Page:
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Photometria in a sentence

1. The term albedo was introduced into optics by Johann Heinrich Lambert in his 1760 work Photometria.

2. It is often attributed to Johann Heinrich Lambert, who cited Bouguer's Essai d'optique sur la gradation de la lumière (Claude Jombert, Paris, 1729)—and even quoted from it—in his Photometria in 1760.

3. It is named after Johann Heinrich Lambert, from his Photometria, published in 1760.

4. In 1760, he published a book on photometry, the Photometria.

5. In Photometria Lambert also formulated the law of light absorption (the Beer–Lambert law) and introduced the term albedo.

6. Lambertian reflectance is named after Johann Heinrich Lambert, who introduced the concept of perfect diffusion in his 1760 book Photometria.

7. Lambertian reflectance is named after Johann Heinrich Lambert, who introduced the concept of perfect diffusion in his 1760 book Photometria.

8. DiLaura is a Fellow and Gold Medalist of the Illuminating Engineering Society, a Fellow of the American Association for the Advancement of Science, a member of Tau Beta Pi, and has his LC. He has been topic editor of the 8th and 9th editions of the IES Lighting Handbook and editor of the 10th edition, he has published 42 technical papers, a translation and analysis of Johann Lambert’s seminal Latin work "Photometria", authored "A History of Light and Lighting", and for eight years was Editor-in-chief of the journal of the Illuminating Engineering Society, LEUKOS.

9. Photometria is a book on the measurement of light by Johann Heinrich Lambert published in 1760.

10. Photometria was the first work to accurately identify most fundamental photometric concepts, to assemble them into a coherent system of photometric quantities, to define these quantities with a precision sufficient for mathematical statement, and to build from them a system of photometric principles.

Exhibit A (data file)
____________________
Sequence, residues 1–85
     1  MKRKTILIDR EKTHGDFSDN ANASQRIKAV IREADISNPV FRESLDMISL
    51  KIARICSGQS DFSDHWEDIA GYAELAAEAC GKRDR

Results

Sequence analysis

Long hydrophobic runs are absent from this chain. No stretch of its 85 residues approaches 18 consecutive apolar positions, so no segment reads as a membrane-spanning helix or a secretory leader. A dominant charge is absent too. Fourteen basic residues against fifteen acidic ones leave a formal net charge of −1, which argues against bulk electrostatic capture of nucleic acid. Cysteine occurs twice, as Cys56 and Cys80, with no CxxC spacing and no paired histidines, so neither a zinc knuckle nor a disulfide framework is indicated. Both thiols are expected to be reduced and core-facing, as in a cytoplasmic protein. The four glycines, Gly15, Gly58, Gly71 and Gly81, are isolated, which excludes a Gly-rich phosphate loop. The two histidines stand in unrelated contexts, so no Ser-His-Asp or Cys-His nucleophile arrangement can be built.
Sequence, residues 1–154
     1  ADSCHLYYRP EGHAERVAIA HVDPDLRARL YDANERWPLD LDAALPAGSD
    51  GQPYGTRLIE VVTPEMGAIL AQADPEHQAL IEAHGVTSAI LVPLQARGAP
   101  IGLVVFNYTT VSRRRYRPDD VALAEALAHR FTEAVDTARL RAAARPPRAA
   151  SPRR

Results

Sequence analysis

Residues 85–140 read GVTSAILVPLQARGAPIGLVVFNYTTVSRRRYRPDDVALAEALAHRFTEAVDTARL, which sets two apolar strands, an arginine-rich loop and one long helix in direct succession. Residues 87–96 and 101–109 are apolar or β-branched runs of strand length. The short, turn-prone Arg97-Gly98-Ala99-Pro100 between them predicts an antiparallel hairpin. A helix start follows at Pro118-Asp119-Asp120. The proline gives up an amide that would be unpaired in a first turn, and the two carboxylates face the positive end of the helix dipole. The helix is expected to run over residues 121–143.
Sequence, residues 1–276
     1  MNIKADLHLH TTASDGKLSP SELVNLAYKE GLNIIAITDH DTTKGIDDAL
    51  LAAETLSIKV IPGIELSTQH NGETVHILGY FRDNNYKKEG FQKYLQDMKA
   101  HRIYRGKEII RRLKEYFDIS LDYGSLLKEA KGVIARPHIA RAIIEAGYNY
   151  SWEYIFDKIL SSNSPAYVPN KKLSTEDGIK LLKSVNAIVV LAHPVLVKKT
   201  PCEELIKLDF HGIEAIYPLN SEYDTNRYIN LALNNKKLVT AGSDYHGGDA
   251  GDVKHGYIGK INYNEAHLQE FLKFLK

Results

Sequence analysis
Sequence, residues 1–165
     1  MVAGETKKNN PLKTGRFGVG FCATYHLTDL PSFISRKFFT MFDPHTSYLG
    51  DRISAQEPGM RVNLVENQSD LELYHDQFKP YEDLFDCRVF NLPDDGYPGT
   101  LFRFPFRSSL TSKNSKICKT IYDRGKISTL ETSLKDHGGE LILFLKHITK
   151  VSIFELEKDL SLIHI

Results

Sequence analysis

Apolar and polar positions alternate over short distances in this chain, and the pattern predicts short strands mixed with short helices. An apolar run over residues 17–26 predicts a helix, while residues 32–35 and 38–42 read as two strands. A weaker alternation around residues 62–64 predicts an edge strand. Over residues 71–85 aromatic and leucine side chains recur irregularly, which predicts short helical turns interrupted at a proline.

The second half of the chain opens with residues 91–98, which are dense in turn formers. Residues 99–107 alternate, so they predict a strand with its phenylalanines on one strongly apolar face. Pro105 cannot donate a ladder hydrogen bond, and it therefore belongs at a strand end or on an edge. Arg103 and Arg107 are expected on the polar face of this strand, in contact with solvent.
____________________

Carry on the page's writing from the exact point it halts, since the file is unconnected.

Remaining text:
11. In this way Photometria demonstrated (rather than assumed) that.

12. But more importantly, as Anding pointed out in his German translation of Photometria, "Lambert had incomparably clearer ideas about photometry" and with them established a complete system of photometric quantities.

13. Based on the three laws of photometry and the supposition of perfectly diffuse surfaces, Photometria developed and demonstrated the following: Lambert's book is fundamentally experimental.

14. The forty experiments described in Photometria were conducted by Lambert between 1755 and 1760, after he decided to write a treatise on light measurement.

15. This interest in experimental data and its analysis, so evident in Photometria, is also present in other articles and books Lambert produced.

16. On this basis, Photometria is certainly uncharacteristic of mid-18th century works.

17. From the references in Photometria and the catalogue of his library auctioned after his death, it is clear that Lambert consulted the optical works of Newton, Bouguer, Euler, Huygens, Smith, and Kästner.

18. He finished Photometria in Augsburg in February 1760 and the printer had the book available by June 1760.

19. Maria Jakobina Klett (1709–1795) was owner of Eberhard Klett Verlag, one of the most important Augsburg “Protestant publishers.” She published many technical books, including Lambert’s Photometria, and 10 of his other works.

20. Klett used Christoph Peter Detleffsen (1731–1774) to print Photometria.

21. Priestley makes a specific reference to Photometria;

22. An abridged German translation of Photometria appeared in 1892, a French translation in 1997, and an English translation in 2000.

23. Photometria presented significant advances and it was, perhaps, for that very reason that its appearance was greeted with general indifference.

24. The central optical question in the middle of the 18th century was: what is the nature of light? Lambert work was not related to this issue at all and so Photometria received no immediate systematic evaluation, and was not incorporated into the mainstream of optical science.

25. The first appraisal of Photometria appeared in 1776 in Georg Klügel’s German translation of Priestley’s 1772 survey of optics.

26. Photometria was not seriously evaluated and utilized until nearly a century after its publication, when the science of astronomy and the commerce of gas lighting had need for photometry.

27. Photometria had significant, though long delayed influence on technology and commerce once the industrial revolution was well underway, and is the reason that it was one of book listed in Printing and the Mind of Man.